Friday, March 15, 2013

Vatican Does Damage Control Over Francis I's Role in "Dirty War"

 UPDATED 3-16-2013:  The questions about Francis' role in the "Dirty War" continues to have legs.  The Washington Post looks at the story here.

While much of the media continues to fawn over the newly elected Pope Francis I happily gulping down up the pablum dished out by the Vatican, some news outlets are continuing to focus on Francis I - then Jorge Bergogli's - role during Argentina's "Dirty War" when the military dictatorship kidnapped and murdered thousands of political opponents and their presumed supporters.   Apparently, the focus on Francis I's past actions that do not comport with the image the Vatican is trying to spin has hit some raw nerves in Rome.  As the Virginian Pilot reports, Vatican spokesman the Rev. Federico Lombardi has had a temper tantrum and is blaming calling such coverage "defamatory" and part of a "anti-clerical left-wing" campaign to discredit the new Pope.   One has to wonder why the bitter old men who elected Bergoglio pope had not considered this possible negative baggage before hand.  Particularly after having selected a former Hitler youth as pope in 2005.  A piece in Democracy Now looks at the lingering questions about events during the "Dirty War."  Here are some highlights:

While praised for his work with the poor, Cardinal Jorge Mario Bergoglio — now Pope Francis — has long been dogged by accusations of his role during Argentina’s military dictatorship. We speak to Horacio Verbitsky, a leading Argentine journalist who exposed Francis’ connection to the abduction of two Jesuit priests. Verbitsky is an investigative journalist for the newspaper Página/12, or Page/12, and head of the Center for Legal and Social Studies, an Argentine human rights organization

Horacio Verbitsky, who has written extensively about the career of Cardinal Bergoglio and his actions during the military dictatorship that ruled Argentina from 1976 to 1983. During that time, up to 30,000 people were kidnapped and killed. A 2005 lawsuit accused Jorge Bergoglio of being connected to the 1976 kidnappings of two Jesuit priests, Orlando Yorio and Francisco Jalics. The lawsuit was filed after the publication of Verbitsky’s book, The Silence: From Paul VI to Bergoglio: The Secret Relations Between the Church and the ESMA. ESMA refers to the former navy school that was turned into a detention center where people were tortured by the military dictatorship. The new pope has denied the charges. He twice invoked his right under Argentine law to refuse to appear in open court to testify about the allegations. When he eventually did testify in 2010, human rights activists characterized his answers as evasive.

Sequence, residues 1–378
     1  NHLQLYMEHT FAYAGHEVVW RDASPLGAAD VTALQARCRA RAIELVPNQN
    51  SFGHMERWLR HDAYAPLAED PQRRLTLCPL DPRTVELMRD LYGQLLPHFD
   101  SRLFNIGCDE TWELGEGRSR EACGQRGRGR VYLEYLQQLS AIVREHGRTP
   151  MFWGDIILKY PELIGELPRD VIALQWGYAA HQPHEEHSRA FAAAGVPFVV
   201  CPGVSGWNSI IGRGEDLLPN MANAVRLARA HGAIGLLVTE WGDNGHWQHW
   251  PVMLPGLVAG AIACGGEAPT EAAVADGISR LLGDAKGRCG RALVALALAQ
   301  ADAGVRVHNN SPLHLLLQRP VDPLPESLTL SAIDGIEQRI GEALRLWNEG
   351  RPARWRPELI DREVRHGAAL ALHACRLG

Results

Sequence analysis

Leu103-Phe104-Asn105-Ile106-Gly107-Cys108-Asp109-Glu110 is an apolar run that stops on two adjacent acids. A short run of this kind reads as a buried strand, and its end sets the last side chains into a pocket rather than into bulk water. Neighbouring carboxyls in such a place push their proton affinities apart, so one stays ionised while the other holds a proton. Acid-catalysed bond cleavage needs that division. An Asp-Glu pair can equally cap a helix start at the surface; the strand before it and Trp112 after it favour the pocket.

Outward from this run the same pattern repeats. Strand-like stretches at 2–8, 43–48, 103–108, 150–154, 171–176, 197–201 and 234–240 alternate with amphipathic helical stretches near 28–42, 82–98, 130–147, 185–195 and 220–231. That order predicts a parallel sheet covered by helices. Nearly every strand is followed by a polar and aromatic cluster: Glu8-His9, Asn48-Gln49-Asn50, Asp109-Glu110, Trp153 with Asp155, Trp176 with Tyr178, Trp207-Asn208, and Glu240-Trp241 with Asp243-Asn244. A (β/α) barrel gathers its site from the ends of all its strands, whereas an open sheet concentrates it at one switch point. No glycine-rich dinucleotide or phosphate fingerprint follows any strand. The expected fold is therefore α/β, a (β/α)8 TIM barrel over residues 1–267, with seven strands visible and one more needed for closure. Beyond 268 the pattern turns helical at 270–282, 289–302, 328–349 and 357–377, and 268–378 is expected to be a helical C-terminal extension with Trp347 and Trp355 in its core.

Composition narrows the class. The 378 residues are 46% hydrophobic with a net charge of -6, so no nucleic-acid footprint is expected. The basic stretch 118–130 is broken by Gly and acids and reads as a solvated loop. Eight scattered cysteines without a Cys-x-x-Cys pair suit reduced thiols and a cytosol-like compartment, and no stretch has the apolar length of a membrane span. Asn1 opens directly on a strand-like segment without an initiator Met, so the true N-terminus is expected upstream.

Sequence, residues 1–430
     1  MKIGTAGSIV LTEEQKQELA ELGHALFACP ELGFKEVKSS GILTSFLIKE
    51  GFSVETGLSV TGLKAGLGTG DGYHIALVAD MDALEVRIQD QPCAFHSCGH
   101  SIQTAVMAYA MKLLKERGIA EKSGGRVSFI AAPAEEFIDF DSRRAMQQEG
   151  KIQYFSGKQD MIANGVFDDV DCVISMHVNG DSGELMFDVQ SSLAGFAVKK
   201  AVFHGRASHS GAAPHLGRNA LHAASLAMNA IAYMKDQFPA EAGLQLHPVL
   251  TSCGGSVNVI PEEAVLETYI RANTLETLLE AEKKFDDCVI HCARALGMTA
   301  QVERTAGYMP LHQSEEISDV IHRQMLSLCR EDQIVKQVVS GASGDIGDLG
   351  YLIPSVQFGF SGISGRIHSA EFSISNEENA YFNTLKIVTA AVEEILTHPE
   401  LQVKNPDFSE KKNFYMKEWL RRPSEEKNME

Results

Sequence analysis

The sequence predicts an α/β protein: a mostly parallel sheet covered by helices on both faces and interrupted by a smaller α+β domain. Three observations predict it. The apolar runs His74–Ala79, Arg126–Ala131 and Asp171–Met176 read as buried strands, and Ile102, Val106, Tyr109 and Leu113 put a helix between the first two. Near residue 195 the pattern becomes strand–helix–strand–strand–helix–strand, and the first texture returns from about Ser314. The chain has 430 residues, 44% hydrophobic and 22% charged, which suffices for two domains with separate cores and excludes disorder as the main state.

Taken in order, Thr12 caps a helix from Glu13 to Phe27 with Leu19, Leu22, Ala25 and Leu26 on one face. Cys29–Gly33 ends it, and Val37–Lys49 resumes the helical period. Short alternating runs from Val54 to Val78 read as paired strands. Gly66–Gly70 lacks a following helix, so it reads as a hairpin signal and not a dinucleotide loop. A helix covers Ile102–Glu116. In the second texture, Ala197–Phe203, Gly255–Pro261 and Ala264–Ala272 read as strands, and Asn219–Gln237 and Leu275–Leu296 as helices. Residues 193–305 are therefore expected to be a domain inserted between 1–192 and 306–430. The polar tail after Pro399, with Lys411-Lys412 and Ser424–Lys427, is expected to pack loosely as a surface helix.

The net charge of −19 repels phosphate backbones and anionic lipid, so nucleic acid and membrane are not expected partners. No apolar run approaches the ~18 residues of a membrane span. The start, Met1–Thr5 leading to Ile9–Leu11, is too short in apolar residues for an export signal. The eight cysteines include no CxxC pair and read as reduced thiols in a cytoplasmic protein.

But when the military coup overthrow the Isabel Perón government, he was in touch with the military that ousted this government and asked the Jesuits to stop their social work. And when they refused to do it, he stopped protecting them, and he let the military know that they were not more inside the protection of the Jesuits’ company, and they were kidnapped. And they accuse him for this deed. He denies this. He said to me that he tried to get them free, that he talked with the former dictator, Videla, and with former dictator Massera to have them freed.

And during a long period, I heard two versions: the version of the two kidnapped priests that were released after six months of torture and captivity, and the version of Bergoglio.

I found documents in the archive of the foreign relations minister in Argentina, which, from my understanding, gave an end to the debate and show the double standard that Bergoglio used. The first document is a note in which Bergoglio asked the ministry to—the renewal of the passport of one of these two Jesuits that, after his releasing, was living in Germany, asking that the passport was renewed without necessity of this priest coming back to Argentina. The second document is a note from the officer that received the petition recommending to his superior, the minister, the refusal of the renewal of the passport. And the third document is a note from the same officer telling that these priests have links with subversion—that was the name that the military gave to all the people involved in opposition to the government, political or armed opposition to the military—and that he was jailed in the mechanics school of the navy, and saying that this information was provided to the officer by Father Jorge Mario Bergoglio, provincial superior of the Jesuit company. This means, to my understanding, a double standard. He asked the passport given to the priest in a formal note with his signature, but under the table he said the opposite and repeated the accusations that produced the kidnapping of these priests.

[The two priests] They were tortured. They were interrogated. One of the interrogators had externally knowings about theological questions, that induced one of them, Orlando Yorio, to think that their own provincial, Bergoglio, had been involved in this interrogatory.

There's much more that deserves a full read.  The sad truth is that the Church has often sided with cruel and repressive regimes when it has been thought that such alliances with evil would protect the Church's wealth and power.  Wealth and power are at the end of the day the Church hierarchy's true god.

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